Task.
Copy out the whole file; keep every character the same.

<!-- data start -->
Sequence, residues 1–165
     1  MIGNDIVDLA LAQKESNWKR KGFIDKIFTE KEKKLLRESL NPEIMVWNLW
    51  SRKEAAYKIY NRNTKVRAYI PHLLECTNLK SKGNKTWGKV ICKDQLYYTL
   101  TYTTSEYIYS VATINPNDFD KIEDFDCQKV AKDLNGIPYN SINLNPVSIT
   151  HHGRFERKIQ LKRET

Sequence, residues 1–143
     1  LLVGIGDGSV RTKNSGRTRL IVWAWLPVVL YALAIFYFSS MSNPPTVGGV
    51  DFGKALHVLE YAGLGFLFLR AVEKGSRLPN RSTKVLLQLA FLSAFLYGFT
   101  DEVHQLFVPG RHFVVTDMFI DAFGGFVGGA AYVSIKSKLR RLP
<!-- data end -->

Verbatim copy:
Sequence, residues 1–165
     1  MIGNDIVDLA LAQKESNWKR KGFIDKIFTE KEKKLLRESL NPEIMVWNLW
    51  SRKEAAYKIY NRNTKVRAYI PHLLECTNLK SKGNKTWGKV ICKDQLYYTL
   101  TYTTSEYIYS VATINPNDFD KIEDFDCQKV AKDLNGIPYN SINLNPVSIT
   151  HHGRFERKIQ LKRET

Sequence, residues 1–143
     1  LLVGIGDGSV RTKNSGRTRL IVWAWLPVVL YALAIFYFSS MSNPPTVGGV
    51  DFGKALHVLE YAGLGFLFLR AVEKGSRLPN RSTKVLLQLA FLSAFLYGFT
   101  DEVHQLFVPG RHFVVTDMFI DAFGGFVGGA AYVSIKSKLR RLP